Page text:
Swan Song

I wish everyone could experience how it feels to sit alone at the break of dawn on Engel Terrace. Sun’s glimmer piercing through milky fog above the lake, gentle petrichor and the cicadas buzzing in the background. After a while, you stop hearing them. How quick we are to take what we have for granted. 

I remember the raindrops rhythmically bouncing on the roof of a grey Honda van and the birds flying through the humid air of this August morning. This tapestry is the first memory I made in the New World. I always dreamt of studying abroad, and at that moment, I was freaking out as the car turned right and onto the interstate. The sound of its wheels rolling over the rough concrete of the highway filled my ears on my way south to Indian Springs. 

I was amazed when I set foot in the concert hall for the first time. The floor and walls paneled in wood and the black piano, proudly standing amid this scenery, lit only by thin refracted beams of mid-morning light. Its tones broke the silence of that majestic room and resonated through the air. Perhaps it was at that moment that I fell in love with this school.

The rain was pouring over my head. The sound of it landing on the mirror-like surface of the lake mixed with chatter all around me flowed through the air. I jumped and dove off the dock and into the water. I remember my surprise when I realised it wasn’t cold at all. I didn’t want out. I still don’t.

Tree leaves were shivering in the autumn breeze, letting out the quietest, yet most beautiful of sounds. A single doe emerged from behind a tree. It was still, almost motionless. I stopped and held her gaze. For a brief moment that afternoon, I forgot about everything and stood there, frozen in time, until the other runners caught up to me, and she vanished deep into the woods.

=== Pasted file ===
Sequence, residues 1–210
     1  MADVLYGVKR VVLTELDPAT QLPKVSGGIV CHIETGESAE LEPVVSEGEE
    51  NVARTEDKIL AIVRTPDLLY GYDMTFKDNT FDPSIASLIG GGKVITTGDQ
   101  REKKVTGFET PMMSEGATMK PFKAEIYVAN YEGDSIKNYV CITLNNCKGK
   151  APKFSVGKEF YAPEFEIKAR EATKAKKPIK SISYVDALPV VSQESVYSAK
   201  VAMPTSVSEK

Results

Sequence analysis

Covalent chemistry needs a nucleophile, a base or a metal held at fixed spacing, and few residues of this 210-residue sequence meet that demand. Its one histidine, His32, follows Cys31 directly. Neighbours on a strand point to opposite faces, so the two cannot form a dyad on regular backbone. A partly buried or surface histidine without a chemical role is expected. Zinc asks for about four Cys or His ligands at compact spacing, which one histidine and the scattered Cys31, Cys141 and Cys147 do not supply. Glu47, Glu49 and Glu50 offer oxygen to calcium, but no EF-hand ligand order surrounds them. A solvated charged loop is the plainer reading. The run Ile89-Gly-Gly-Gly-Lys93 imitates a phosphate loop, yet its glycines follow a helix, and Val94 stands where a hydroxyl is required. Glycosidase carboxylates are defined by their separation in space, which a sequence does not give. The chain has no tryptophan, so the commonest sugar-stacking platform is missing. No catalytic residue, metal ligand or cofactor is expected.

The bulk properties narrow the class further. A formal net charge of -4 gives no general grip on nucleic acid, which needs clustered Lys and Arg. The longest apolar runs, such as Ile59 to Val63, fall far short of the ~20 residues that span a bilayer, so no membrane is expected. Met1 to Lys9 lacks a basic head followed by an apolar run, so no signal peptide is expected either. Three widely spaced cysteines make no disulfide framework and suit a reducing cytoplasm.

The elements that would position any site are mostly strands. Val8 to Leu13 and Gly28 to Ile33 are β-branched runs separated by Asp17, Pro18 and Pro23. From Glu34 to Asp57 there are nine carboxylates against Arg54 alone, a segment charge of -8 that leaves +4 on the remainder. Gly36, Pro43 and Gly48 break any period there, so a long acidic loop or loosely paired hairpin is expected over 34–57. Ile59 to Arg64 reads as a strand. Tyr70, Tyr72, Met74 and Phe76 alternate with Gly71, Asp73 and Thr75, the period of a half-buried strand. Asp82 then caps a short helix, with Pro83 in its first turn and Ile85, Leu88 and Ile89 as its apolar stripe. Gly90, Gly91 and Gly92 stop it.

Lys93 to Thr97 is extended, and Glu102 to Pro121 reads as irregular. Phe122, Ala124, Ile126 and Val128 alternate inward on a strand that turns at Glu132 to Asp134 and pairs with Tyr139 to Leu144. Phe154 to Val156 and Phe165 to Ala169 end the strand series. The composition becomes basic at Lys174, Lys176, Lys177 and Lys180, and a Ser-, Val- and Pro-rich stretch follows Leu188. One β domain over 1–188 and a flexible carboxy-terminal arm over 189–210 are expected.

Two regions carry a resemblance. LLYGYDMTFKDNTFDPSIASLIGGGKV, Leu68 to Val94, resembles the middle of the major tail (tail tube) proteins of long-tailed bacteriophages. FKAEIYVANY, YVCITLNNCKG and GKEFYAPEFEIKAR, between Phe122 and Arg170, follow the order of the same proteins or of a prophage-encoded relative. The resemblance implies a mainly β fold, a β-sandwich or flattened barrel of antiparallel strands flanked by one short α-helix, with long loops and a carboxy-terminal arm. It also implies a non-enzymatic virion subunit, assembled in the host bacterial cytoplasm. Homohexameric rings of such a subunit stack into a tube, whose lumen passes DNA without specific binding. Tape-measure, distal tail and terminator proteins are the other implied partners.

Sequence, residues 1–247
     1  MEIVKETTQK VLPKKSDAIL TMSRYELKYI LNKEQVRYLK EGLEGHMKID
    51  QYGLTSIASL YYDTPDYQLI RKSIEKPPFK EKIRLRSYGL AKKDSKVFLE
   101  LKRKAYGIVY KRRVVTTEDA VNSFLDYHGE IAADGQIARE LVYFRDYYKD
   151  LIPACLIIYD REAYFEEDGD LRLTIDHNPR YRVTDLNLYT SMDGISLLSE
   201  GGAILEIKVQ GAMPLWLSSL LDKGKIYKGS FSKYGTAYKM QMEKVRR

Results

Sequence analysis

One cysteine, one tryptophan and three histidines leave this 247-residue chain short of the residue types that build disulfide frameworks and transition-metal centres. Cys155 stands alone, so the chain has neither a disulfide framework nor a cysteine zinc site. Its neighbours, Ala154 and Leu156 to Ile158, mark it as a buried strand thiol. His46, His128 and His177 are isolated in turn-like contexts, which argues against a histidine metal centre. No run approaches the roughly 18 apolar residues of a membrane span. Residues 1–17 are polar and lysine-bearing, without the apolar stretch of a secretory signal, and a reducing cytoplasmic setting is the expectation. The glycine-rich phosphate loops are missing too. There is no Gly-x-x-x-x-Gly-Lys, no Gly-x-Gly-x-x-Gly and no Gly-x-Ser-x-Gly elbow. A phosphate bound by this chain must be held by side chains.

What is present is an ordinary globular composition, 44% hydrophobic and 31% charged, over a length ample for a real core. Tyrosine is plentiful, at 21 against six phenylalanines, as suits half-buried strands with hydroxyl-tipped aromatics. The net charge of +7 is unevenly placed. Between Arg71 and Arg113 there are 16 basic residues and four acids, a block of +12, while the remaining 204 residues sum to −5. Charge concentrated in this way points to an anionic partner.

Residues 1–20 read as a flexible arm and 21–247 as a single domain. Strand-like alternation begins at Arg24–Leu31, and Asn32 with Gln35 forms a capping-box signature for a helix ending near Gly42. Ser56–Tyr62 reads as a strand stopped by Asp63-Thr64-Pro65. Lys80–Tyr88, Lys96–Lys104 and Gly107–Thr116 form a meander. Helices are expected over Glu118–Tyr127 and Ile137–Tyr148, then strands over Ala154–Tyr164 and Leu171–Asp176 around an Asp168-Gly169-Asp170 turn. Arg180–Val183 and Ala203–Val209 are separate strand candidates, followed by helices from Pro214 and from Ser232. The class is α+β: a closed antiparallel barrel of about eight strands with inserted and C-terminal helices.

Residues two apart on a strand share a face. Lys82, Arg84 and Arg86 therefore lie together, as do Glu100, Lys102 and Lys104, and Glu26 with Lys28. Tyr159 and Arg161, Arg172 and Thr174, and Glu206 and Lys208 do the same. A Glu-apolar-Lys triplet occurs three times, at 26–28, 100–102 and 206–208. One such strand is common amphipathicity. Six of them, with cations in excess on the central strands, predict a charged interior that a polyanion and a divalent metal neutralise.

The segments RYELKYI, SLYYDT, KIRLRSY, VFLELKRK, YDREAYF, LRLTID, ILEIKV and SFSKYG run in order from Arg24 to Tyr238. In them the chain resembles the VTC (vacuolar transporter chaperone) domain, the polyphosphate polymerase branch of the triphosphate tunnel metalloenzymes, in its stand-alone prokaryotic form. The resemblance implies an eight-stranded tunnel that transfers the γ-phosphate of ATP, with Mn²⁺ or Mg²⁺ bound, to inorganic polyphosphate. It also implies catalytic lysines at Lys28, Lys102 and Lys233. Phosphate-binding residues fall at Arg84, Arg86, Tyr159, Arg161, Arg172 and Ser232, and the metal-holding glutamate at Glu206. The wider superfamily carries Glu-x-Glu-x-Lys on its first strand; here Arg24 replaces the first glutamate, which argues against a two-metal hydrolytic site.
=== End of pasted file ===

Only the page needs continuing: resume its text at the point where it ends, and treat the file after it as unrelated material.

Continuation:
The sun set behind me as I stepped out of the water and onto the muddy soil in front of the dining hall. The wind blew cool across my back, making me shake slightly. I turned around towards the red evening sky, perfectly mirrored on the surface of the lake. A single swan glided gently across its surface and broke this kaleidoscopic patchwork of colours into two.

The rhythm of my fingers hitting the keys of my computer blends in with the silence of the Art Building. The smell of paint and wooden shelves invigorates me as I reminisce over the year I spent at Indian Springs. I stand up and open the glass door out into the darkness of the night. The gentle buzzing of cicadas is the only sound piercing through the silence. How much will I miss this?